A Triangle of Services

"Canada and Germany stand for outstanding success in science, research, and development. Researchers and business representatives from both countries can consider the GCCIR a platform for reaching North America or the European Union."

The founder and President of the initiative is Bernd Reuscher, Honorary Consul Emeritus for the Federal Republic of Germany in Canada. He sets out the future of the GCCIR in our interview: 

"Top scientific and business achievements from both countries need support through research partnerships or the introduction of new companies to the markets, in order to bring new products or services to the people. The Centre provides this kind of competent support."

What does the GCCIR offer?

We offer a "triangle" of services. First, the GCCIR acts as an intermediary for all information required for the development of research and business relations. Second, the Centre acts as a coordinator for specific project steps or tasks. This may include, for example, operative support for language examinations on behalf of the Goethe-Institut. Third, the GCCIR takes on the role of a partner that represents products, services, and results from German educational and research institutions, as well as German companies in Canada, just as it will promote new ideas and concepts from Canadian companies and universities in Germany.

Why did you establish the Centre?

For decades, Canada and Germany have been close partners. There has been dialogue in both directions. From our point of view, however, the partnership lacked highlights and visible focus. This changed when the Helmholtz Association of German Research Centres became engaged in Canada and together with the University of Alberta established a major research collaboration on energy and the environment, the Helmholtz-Alberta Initiative (HAI). The science alliance was initiated in September 2009 through a Memorandum of Understanding, which was renewed in September 2014 for another 5 years. The memorandum sets out arrangements for the purpose of joint development, intensification of international cooperation and execution of collaborative scientific research projects. An additional goal is to support graduate education and exchange amongst the next generation of scientists in both countries. Key areas of research are renewable energy sources, wastewater management, fossil fuels upgrading, green house gas abatements and land reclamation. More recently, HAI has also added further areas of focus in infectious diseases research, neurodegenerative diseases, remote sensing and resource technologies. The participants view this initiative as a prime example of the transnational pooling of resources in order to encourage research in fields that will be decisive in the future. The GCCIR has taken its inspiration from this exemplary project and supports initiatives like HAI.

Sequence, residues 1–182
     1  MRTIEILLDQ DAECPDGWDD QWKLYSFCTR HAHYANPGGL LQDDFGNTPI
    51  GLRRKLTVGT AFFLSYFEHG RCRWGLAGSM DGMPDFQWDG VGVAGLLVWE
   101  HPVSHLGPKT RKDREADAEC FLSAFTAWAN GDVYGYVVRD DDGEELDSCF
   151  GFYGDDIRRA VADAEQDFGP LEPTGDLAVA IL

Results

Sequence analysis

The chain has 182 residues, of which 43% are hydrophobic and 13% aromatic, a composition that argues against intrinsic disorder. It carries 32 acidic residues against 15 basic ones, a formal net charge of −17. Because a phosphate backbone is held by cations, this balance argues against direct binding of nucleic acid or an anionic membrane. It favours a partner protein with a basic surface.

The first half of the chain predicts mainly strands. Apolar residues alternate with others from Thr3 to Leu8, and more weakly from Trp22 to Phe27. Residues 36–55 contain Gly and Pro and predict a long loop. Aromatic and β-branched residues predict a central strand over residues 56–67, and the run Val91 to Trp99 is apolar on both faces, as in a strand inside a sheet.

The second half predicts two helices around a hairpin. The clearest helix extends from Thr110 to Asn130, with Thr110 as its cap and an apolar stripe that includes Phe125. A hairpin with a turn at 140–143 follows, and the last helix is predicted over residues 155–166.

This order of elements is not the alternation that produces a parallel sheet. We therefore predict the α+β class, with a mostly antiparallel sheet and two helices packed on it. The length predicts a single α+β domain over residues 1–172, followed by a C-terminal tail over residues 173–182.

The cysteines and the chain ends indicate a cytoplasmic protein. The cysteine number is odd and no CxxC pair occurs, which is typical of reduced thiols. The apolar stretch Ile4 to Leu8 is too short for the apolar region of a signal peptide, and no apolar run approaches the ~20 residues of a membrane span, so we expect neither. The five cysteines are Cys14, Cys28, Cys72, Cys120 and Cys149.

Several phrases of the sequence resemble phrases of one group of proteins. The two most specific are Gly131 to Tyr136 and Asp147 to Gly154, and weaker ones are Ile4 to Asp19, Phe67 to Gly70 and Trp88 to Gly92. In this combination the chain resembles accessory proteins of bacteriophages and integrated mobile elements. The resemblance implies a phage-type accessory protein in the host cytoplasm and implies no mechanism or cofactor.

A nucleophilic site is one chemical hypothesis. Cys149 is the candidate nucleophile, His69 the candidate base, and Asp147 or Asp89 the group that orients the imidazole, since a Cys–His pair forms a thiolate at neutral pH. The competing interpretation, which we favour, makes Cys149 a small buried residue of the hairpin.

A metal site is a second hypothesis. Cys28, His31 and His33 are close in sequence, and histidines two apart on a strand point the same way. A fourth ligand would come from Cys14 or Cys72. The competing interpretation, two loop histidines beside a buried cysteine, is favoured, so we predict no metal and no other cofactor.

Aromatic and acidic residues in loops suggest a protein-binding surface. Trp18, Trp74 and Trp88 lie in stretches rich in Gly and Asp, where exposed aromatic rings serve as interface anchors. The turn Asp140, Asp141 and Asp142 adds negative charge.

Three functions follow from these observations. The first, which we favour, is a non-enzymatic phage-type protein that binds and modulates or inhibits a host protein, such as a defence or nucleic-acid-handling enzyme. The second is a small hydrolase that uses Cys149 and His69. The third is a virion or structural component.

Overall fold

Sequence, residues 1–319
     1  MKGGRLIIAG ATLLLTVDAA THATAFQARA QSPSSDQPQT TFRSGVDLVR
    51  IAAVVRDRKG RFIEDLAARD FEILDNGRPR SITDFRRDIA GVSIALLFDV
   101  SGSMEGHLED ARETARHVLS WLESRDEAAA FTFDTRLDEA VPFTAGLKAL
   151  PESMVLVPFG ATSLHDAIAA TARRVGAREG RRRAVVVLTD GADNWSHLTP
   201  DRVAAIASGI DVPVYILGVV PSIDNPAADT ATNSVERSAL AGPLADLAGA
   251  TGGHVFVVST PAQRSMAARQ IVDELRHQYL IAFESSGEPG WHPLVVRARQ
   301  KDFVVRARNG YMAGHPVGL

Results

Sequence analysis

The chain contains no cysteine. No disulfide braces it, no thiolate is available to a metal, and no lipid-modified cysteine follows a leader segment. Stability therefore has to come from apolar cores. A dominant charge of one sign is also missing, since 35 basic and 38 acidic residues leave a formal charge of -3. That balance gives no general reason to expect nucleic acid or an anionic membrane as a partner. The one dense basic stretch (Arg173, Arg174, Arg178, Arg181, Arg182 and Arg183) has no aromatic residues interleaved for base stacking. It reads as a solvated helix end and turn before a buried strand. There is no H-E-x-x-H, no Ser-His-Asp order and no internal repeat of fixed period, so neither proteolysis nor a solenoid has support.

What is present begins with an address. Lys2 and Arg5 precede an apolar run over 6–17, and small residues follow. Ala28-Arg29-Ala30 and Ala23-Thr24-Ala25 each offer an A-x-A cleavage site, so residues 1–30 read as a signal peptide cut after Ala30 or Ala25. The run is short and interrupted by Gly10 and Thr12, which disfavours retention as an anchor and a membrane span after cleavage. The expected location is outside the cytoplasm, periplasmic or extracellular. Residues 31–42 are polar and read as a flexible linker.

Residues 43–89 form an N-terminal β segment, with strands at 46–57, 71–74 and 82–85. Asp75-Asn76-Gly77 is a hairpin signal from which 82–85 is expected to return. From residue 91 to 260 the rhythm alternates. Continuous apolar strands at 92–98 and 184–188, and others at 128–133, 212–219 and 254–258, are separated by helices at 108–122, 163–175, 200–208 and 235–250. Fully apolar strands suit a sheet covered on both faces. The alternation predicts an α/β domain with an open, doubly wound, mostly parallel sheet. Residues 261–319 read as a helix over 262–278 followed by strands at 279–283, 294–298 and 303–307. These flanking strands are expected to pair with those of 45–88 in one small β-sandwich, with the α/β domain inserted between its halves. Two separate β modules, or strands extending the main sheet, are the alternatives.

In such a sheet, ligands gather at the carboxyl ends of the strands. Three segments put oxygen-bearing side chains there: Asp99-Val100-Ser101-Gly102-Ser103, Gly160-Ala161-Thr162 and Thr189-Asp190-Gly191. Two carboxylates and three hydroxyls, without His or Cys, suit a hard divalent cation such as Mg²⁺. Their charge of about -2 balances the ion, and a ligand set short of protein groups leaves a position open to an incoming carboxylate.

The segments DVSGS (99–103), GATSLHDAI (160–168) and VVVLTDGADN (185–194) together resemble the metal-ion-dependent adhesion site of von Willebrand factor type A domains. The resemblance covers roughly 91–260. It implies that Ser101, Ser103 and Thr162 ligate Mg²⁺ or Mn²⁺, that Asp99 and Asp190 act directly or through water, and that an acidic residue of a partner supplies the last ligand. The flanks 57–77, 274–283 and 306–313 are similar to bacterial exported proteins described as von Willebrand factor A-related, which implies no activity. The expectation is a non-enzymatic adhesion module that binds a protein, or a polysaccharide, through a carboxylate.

How can the success of the GCCIR be measured?

That depends on the interests of and tasks set by our customers, of course. The motto is generally “Time to Market”, so we must work on concrete requests as quickly as possible.

We think that our success should be measured by the number and quality of partnerships between research and business, or even between the research partnerships on both sides that we have helped establish.

Does this also mean regular evaluation of work?

Yes, the GCCIR welcomes constant feedback from its partners. The added value of our work becomes measurable by how we are viewed by our customers in science and business. The decisive criteria here are: the number of partnerships that are brokered, the individual contacts are created, and the financial scale of the Centre, such as the public grants and private donations as well as service fees, which will have been received from companies and government bodies. To conclude, a great part of our right to exist lies in how quickly we help initiate German-Canadian partnerships and how many of these partnerships we help to create.